by FortKnox (169099) on Wednesday April 28, 2004 @04:21PM (#9000374) Homepage Journal
    What's up with prostoalex [slashdot.org]? I noticed his name like twice today, so I looked...
    211 total articles submitted and accepted [slashdot.org]?

    At this rate, by next year, he'll have more accepted articles than Hemos posted!

    And michael said I had no life for simply having over 800 comments.....
  • They should fine companies millions of dollars for each ridiculous half-assed unresearched patent filed. That should either slow things down or bring in enough money to deal with crap like this.

  • by Casca (4032)
    I wonder if the M$ guy that filed this patent got the idea from having to hold the power button down on his desktop for more than 5 seconds all the time?
  • Maybe if they didn't grant so many patents for obvious and existing things, there wouldn't be so many people jumping on the bandwagon!
  • by updog (608318) on Wednesday April 28, 2004 @04:24PM (#9000422) Homepage
    The EFF Patent Busting Project: http://eff.org/Patent/20040419_eff_pr_patent.php
  • by MerlynEmrys67 (583469) on Wednesday April 28, 2004 @04:25PM (#9000438)
    I filed several patents - the last of which was filed in the spring of 2001. 3 years later NONE of them have issued (including one that is passing 4 years now). I don't see a doubling to 5 years, just an increase to 5 years.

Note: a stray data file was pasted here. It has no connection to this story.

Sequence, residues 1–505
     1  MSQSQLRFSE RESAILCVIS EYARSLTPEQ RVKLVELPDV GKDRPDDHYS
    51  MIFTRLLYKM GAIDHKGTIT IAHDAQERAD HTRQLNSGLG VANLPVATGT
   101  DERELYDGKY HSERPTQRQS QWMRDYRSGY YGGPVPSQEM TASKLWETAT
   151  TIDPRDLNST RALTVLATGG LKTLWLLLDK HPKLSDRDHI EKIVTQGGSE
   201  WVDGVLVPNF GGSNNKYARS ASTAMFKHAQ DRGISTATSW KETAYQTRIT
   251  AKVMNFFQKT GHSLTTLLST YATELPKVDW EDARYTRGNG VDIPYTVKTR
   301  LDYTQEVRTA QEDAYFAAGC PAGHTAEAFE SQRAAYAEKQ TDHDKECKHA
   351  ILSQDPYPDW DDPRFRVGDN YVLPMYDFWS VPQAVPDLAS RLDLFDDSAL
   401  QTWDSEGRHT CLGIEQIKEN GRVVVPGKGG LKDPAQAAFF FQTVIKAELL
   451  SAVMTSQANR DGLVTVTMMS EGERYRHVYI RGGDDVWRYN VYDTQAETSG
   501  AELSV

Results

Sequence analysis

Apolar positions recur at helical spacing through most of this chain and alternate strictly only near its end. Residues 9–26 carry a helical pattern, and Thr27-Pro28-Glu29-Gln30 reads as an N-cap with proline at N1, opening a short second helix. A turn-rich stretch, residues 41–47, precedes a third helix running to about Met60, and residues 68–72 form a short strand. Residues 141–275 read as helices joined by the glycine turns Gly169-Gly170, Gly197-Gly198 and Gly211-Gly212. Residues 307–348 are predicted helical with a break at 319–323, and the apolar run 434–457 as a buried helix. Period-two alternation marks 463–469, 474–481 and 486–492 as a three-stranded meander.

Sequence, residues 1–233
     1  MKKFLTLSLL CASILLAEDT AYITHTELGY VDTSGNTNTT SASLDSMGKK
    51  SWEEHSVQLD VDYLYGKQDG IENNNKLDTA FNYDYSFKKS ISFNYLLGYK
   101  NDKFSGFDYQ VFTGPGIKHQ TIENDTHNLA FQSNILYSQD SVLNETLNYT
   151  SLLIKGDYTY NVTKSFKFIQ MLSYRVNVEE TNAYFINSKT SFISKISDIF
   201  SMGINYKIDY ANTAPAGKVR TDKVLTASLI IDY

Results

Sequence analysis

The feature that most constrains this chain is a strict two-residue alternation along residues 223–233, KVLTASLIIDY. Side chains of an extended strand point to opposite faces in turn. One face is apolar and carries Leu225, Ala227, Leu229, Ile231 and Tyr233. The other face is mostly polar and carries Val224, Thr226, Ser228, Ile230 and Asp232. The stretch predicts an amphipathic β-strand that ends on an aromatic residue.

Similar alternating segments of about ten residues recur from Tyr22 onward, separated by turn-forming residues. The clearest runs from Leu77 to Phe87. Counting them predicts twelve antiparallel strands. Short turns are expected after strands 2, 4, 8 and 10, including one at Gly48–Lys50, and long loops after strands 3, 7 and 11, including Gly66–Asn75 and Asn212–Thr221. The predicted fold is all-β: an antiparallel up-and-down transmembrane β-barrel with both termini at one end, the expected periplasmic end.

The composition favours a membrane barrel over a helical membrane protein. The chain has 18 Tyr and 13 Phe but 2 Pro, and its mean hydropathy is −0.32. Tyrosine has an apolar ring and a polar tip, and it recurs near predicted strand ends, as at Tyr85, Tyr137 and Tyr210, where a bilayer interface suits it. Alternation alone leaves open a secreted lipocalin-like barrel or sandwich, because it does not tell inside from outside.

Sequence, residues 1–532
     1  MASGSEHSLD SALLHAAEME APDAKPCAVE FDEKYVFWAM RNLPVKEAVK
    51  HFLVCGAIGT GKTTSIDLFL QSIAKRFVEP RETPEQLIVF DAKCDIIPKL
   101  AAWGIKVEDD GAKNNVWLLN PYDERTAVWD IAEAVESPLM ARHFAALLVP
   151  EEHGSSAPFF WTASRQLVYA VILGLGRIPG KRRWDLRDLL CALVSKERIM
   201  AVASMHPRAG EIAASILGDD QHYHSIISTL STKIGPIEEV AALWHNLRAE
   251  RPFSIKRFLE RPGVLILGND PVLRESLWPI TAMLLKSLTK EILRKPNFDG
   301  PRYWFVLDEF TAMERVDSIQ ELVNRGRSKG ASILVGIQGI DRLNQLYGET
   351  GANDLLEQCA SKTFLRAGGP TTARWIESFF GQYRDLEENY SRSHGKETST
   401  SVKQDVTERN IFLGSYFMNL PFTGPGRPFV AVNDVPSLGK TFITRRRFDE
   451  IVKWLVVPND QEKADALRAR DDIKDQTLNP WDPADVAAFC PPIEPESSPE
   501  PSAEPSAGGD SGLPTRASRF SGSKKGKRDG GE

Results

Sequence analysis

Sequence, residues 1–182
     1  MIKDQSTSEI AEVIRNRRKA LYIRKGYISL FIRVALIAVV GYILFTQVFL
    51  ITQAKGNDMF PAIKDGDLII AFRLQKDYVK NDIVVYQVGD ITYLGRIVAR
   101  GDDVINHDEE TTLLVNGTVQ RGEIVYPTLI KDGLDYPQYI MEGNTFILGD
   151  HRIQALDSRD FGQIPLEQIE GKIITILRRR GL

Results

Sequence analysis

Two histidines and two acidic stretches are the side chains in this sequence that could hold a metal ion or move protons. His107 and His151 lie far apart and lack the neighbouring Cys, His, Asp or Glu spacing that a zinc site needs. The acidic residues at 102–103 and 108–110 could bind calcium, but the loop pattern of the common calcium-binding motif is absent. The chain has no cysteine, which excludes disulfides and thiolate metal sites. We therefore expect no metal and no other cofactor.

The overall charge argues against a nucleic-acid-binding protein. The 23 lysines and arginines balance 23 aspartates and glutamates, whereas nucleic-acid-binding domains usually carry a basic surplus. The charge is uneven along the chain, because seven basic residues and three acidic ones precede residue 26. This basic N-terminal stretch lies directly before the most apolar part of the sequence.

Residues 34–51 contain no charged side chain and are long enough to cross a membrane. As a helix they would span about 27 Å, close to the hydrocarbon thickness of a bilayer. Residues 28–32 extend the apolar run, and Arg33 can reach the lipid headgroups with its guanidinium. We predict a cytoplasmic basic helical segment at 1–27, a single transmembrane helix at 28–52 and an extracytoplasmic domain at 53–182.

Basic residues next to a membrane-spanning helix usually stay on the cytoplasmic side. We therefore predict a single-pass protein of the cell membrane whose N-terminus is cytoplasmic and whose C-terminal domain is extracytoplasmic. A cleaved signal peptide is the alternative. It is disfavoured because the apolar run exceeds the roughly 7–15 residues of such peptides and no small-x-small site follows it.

• They also patented the double-click with this. The article does not mentioned it, but look at the details at the patent office site. They stole the whole GUI from Apple--and Apple stole it from Xerox.

    Among other annoyances, this patent dilutes my bragging rights for my own patent [uspto.gov].

    Me: Yeah, well, I've got a patent.

    Person I'm trying unsuccessfully to impress: Yeah, well, so does Microsoft--for double-clicking. Can't be that hard.

  • RTFPA (Score:3, Insightful)

    by v_1matst (166486) on Wednesday April 28, 2004 @04:32PM (#9000522) Homepage
    Read The F&#@ing Patent Application

    please go and read the actual patent app. before posting ignorant comments. You might find that your digital watch, cell phone, mouse, pda or whatever has nothing to do with what they are trying to patent.

    I dislike MS business practices as much as the next guy, but please be informed....
  • by saikou (211301) on Wednesday April 28, 2004 @04:34PM (#9000552) Homepage
    Closer to PDAs are mobile phones. Look for the tapereel/voice mail icon on button '1'. Hold it, and you're calling your voicemail. Not hold it, and... well... you pressed '1' :)
  • Yeah, yeah... (Score:5, Insightful)

    by Xentax (201517) on Wednesday April 28, 2004 @04:34PM (#9000560)
    ...this is another bad patent. At least some people paused to notice that it's not THAT rediculous (compared to, say, patenting reverse auctions on the internet, or Amazon's one-click checkout patent, etc.), just another classic case of why just because it's being done on a computer or on the internet does NOT make it new and non-obvious.

    However, I wonder what else a company like MS, or IBM, or Intel can do in a situation like this -- namely, one where they're doing things that haven't been done before that, while NOT patentable in "our" sense of the term, are nevertheless things that DO get patents from the USPTO.